The film begins by introducing us to the latest experimental technology that can link two people together, allowing one to enter the mind of another. Catherine is a social worker who has been employed to use this technology to help connect with the mind of a young boy in a coma. The plot then branches off to introduce us to Carl Stargher, a ritualistic serial killer who has devised a method of murdering his victims with the aid of a small sealed cell that is run on a fully automated system. The FBI catch up with Stargher and find him in a comatose state, leaving Catherine to try and save the day by entering his mind and learning the location of the cell where his latest victim is being held.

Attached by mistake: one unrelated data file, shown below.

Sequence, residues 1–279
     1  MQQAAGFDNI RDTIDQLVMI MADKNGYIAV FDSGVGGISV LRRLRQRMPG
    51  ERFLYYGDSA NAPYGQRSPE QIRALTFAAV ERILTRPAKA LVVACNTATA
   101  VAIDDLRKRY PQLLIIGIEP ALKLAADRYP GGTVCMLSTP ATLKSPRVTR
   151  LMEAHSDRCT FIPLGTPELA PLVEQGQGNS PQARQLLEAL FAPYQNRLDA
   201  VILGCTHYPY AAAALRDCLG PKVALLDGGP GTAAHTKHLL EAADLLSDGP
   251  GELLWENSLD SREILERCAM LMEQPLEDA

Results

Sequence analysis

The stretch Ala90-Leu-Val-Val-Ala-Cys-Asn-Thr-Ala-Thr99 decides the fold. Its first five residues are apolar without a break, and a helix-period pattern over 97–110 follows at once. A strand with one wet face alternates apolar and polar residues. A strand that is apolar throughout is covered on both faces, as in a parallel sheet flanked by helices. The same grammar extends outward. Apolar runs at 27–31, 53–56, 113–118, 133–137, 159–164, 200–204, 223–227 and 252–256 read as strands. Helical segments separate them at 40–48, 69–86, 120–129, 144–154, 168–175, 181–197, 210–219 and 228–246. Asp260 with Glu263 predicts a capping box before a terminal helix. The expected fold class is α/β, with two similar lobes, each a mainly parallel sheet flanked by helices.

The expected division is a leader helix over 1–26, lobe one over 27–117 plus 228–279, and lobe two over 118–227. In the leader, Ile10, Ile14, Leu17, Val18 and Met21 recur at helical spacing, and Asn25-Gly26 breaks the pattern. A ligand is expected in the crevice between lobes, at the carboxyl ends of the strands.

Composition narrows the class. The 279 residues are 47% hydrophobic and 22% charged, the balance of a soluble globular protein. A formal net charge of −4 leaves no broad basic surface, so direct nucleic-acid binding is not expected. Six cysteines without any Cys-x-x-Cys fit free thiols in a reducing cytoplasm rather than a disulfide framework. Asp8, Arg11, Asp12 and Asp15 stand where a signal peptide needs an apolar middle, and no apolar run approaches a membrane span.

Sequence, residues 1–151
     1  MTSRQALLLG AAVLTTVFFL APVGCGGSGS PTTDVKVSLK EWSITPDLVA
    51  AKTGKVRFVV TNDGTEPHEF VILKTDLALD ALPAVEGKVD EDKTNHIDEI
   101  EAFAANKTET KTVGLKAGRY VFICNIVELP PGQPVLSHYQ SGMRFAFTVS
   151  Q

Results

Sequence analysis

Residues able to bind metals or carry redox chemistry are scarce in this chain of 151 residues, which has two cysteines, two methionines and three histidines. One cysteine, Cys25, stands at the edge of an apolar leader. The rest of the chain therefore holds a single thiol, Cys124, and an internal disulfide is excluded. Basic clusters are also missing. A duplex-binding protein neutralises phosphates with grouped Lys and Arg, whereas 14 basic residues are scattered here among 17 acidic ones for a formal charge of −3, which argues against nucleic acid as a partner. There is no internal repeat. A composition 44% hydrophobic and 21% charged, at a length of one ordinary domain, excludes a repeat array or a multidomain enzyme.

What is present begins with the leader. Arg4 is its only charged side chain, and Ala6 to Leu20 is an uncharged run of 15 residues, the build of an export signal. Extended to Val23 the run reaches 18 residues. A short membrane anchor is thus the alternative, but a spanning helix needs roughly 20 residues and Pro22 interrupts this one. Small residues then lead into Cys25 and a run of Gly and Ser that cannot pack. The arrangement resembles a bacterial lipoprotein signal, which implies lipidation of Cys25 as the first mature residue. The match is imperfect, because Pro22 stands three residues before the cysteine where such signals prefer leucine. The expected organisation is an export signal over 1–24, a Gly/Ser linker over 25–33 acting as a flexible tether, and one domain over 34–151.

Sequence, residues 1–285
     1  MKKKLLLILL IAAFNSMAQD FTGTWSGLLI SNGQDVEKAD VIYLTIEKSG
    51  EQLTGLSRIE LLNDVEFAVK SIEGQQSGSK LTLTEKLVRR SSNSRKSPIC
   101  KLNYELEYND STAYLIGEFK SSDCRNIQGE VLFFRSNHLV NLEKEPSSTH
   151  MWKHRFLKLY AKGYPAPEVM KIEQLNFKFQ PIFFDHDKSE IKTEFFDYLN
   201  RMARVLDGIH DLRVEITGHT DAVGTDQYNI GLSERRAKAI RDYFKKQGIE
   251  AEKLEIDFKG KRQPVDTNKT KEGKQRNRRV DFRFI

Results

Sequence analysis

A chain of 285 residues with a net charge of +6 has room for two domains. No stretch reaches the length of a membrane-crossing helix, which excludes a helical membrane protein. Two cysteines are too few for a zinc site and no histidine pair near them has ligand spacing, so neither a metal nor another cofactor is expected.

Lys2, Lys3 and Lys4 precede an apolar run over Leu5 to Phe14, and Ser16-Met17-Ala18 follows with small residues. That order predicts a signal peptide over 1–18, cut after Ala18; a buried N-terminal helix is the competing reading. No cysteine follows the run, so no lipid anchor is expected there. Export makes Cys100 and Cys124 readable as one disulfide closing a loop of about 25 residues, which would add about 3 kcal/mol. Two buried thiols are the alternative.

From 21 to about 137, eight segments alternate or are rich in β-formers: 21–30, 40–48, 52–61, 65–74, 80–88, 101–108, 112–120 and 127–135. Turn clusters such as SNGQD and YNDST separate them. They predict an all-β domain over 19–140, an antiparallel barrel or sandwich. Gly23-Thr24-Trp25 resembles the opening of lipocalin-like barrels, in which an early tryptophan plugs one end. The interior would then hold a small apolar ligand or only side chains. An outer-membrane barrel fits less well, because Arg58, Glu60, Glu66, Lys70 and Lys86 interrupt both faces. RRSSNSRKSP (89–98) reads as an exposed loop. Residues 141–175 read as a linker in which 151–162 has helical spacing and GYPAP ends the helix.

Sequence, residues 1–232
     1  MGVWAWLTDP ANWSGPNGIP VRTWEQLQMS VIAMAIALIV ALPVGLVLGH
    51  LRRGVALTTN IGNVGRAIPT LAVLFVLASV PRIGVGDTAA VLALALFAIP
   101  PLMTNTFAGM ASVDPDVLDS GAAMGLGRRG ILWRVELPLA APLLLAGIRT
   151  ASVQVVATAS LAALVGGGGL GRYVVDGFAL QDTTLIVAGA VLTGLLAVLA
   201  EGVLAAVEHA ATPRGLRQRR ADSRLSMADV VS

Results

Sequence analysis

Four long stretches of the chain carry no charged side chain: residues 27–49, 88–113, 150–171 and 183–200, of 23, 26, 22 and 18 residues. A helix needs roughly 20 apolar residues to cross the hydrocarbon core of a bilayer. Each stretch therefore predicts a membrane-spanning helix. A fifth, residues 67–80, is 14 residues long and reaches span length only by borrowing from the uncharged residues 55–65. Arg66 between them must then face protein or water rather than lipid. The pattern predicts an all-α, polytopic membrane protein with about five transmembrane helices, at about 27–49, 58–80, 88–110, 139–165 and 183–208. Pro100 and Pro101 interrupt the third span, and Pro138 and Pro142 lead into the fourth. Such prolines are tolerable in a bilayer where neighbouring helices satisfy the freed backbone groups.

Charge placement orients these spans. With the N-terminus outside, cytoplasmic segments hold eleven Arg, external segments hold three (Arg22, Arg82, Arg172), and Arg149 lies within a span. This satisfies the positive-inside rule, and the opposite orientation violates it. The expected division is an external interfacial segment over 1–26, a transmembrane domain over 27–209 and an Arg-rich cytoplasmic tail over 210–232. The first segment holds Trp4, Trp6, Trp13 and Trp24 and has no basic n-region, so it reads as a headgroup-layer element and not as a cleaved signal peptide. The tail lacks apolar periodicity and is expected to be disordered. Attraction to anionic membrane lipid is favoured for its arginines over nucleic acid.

I must say that I loved the concept of this film. I am a long-time fan of horror and science fiction, and I love it when the two merge well. I also like a good serial killer so I should have been in for a treat here. The thing about serial killer films is that the curious mind of the viewer wants to be able to understand the reasoning behind their methodology, and it's interesting to literally delve straight into the psychological side of the killings by entering the killer's mind. Carl Stargher, played by Vincent D'Onofrio, easily gives the best performance here by being able to convincingly portray so many different aspects of his character's schizophrenic personality. I was less than impressed by Catherine Deane, played by Jennifer Lopez. She does not seem to portray the strong female lead role that I wanted her to, and she comes across as being a bit weak and is easily led by her emotions. I also found her voice really irritating to listen to, as it is all light and whispery, so there is no real impact to what she's saying and it comes across as being a bit fake and put on. The other let down is in the performance of FBI agent Peter Novak, played by Vince Vaughn. His cold dead eyes displayed no real sense of character, and I felt less empathy towards him than I did for the serial killer, who of course I should really be siding against! I felt like this part of the story where the FBI / crime thriller aspects came into play were rather mediocre and there were many predictable plot elements that diluted the high level concept that was brought to the film in other areas.